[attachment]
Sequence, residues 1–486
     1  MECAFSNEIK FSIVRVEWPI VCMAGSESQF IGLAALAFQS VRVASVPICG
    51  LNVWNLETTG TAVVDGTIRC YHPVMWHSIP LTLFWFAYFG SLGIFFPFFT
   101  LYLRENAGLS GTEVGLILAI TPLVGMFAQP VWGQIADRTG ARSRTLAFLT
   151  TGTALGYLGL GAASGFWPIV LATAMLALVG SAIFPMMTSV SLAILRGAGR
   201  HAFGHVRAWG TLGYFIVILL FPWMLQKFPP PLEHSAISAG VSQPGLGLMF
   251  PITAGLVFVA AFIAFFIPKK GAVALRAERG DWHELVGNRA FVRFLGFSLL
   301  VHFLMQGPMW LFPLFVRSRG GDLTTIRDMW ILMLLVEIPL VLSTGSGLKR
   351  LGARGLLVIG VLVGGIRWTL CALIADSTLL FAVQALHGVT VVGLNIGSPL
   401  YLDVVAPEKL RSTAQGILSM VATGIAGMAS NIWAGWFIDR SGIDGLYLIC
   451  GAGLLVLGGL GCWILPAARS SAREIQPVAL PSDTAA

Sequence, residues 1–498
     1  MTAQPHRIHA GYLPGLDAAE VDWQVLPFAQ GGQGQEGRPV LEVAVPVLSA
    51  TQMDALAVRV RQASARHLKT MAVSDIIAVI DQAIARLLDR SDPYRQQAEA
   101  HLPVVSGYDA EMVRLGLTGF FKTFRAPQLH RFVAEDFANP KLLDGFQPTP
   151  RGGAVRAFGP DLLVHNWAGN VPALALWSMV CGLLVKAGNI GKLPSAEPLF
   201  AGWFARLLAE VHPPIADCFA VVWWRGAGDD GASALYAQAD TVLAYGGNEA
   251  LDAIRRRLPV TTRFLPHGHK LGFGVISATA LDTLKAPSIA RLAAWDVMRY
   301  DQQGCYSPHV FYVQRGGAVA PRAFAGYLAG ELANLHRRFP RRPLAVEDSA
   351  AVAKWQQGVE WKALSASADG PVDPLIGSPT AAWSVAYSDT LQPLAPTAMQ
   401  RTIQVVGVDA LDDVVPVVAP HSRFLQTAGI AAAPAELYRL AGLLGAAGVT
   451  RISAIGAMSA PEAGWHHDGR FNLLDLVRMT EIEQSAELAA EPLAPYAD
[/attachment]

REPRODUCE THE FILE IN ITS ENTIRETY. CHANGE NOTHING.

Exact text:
Sequence, residues 1–486
     1  MECAFSNEIK FSIVRVEWPI VCMAGSESQF IGLAALAFQS VRVASVPICG
    51  LNVWNLETTG TAVVDGTIRC YHPVMWHSIP LTLFWFAYFG SLGIFFPFFT
   101  LYLRENAGLS GTEVGLILAI TPLVGMFAQP VWGQIADRTG ARSRTLAFLT
   151  TGTALGYLGL GAASGFWPIV LATAMLALVG SAIFPMMTSV SLAILRGAGR
   201  HAFGHVRAWG TLGYFIVILL FPWMLQKFPP PLEHSAISAG VSQPGLGLMF
   251  PITAGLVFVA AFIAFFIPKK GAVALRAERG DWHELVGNRA FVRFLGFSLL
   301  VHFLMQGPMW LFPLFVRSRG GDLTTIRDMW ILMLLVEIPL VLSTGSGLKR
   351  LGARGLLVIG VLVGGIRWTL CALIADSTLL FAVQALHGVT VVGLNIGSPL
   401  YLDVVAPEKL RSTAQGILSM VATGIAGMAS NIWAGWFIDR SGIDGLYLIC
   451  GAGLLVLGGL GCWILPAARS SAREIQPVAL PSDTAA

Sequence, residues 1–498
     1  MTAQPHRIHA GYLPGLDAAE VDWQVLPFAQ GGQGQEGRPV LEVAVPVLSA
    51  TQMDALAVRV RQASARHLKT MAVSDIIAVI DQAIARLLDR SDPYRQQAEA
   101  HLPVVSGYDA EMVRLGLTGF FKTFRAPQLH RFVAEDFANP KLLDGFQPTP
   151  RGGAVRAFGP DLLVHNWAGN VPALALWSMV CGLLVKAGNI GKLPSAEPLF
   201  AGWFARLLAE VHPPIADCFA VVWWRGAGDD GASALYAQAD TVLAYGGNEA
   251  LDAIRRRLPV TTRFLPHGHK LGFGVISATA LDTLKAPSIA RLAAWDVMRY
   301  DQQGCYSPHV FYVQRGGAVA PRAFAGYLAG ELANLHRRFP RRPLAVEDSA
   351  AVAKWQQGVE WKALSASADG PVDPLIGSPT AAWSVAYSDT LQPLAPTAMQ
   401  RTIQVVGVDA LDDVVPVVAP HSRFLQTAGI AAAPAELYRL AGLLGAAGVT
   451  RISAIGAMSA PEAGWHHDGR FNLLDLVRMT EIEQSAELAA EPLAPYAD